APRIL 19, 1949
NEW YORK, Monday—We celebrated Easter again yesterday in the little church at Hyde Park. The flowers made the altar beautiful and the day outside was all that one could wish for, even though the wind was chilly. The sky was blue, and the daffodils and some of the other early garden flowers stood up bravely in the sun.
The message of Easter is always a beautiful one, and the message of Joseph Auslander's poem, "There Is No Death," rings in our ears:
The same message was carried by the sermon in church yesterday morning and the same message is carried by the spring. The world comes back to life, and how bravely nature starts her battle over again.
A few children came after lunch yesterday and raced over the lawn hunting for Easter eggs. We had the pleasure, too, of having Monsieur and Madame Etienne Dennery, two young French people, drive up from New York City for lunch. He is with the French delegation to the United Nations.
At this time of year I'm not at all enthusiastic about spending my weekdays in New York City and not being able to watch spring come to every living thing around us from day to day. Seeing things only once a week, however, does make one more conscious of the changes as they come.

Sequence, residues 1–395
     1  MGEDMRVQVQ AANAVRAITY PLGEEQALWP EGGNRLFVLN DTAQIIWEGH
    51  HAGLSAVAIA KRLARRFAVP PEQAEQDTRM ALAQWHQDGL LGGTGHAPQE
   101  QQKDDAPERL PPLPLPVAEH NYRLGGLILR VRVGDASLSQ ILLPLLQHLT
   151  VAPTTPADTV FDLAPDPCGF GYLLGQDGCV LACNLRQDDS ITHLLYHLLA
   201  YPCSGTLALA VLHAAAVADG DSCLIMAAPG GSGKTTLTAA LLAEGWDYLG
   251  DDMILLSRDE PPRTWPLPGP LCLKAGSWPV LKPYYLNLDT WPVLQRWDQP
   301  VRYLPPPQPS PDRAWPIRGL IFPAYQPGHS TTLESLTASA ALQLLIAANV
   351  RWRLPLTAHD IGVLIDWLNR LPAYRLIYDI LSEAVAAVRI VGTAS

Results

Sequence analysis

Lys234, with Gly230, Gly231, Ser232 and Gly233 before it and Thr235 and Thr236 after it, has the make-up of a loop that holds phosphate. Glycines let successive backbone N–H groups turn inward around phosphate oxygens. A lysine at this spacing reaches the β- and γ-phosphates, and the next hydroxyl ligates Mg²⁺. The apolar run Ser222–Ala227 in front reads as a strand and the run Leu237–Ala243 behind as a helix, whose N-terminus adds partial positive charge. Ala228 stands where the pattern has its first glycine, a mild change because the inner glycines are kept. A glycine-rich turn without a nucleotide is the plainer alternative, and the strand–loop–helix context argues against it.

The wild cherry blossoms and the peach blossoms are out and what I have always called shad bushes gleam white in the woods. I was not well educated in my childhood in the names of flowers and trees, so when I walk now with the youngsters I am constantly confronted with questions that I cannot answer. I wish my grandmother had thought it was wise to educate a girl in botany. Now when I look at the beautifully frail white flowers blown by the wind along the roadside and the children ask their names, I can only say I have always called them "wind flowers," which is probably not the correct name!
There are so many things I would like to take the time to learn. Many books sit on my shelves ready for study, but I go on doing things that probably could be better done by other people. Perhaps someday before too long I shall try it!
In our Social Committee meetings at Lake Success, we have been moving rather slowly in covering the first covenant on Freedom of Information. I was reminded yesterday, however, that it took us two months to finish the Declaration of Human Rights, so I suppose a controversial question such as the three covenants before us on Freedom of Information should take us at least a month.
(WORLD COPYRIGHT, 1949, BY UNITED FEATURE SYNDICATE, INC., REPRODUCTION IN WHOLE OR IN PART PROHIBITED.)
About this document
My Day by Eleanor Roosevelt, April 19, 1949
Digital edition created by The Eleanor Roosevelt Papers Project The George Washington University 312 Academic Building 2100 Foxhall Road, NW Washington, DC 20007
- Brick, Christopher (Editor)
- Regenhardt, Christy (Associate Editor)
- Black, Allida M. (Editor)
- Binker, Mary Jo (Associate Editor)
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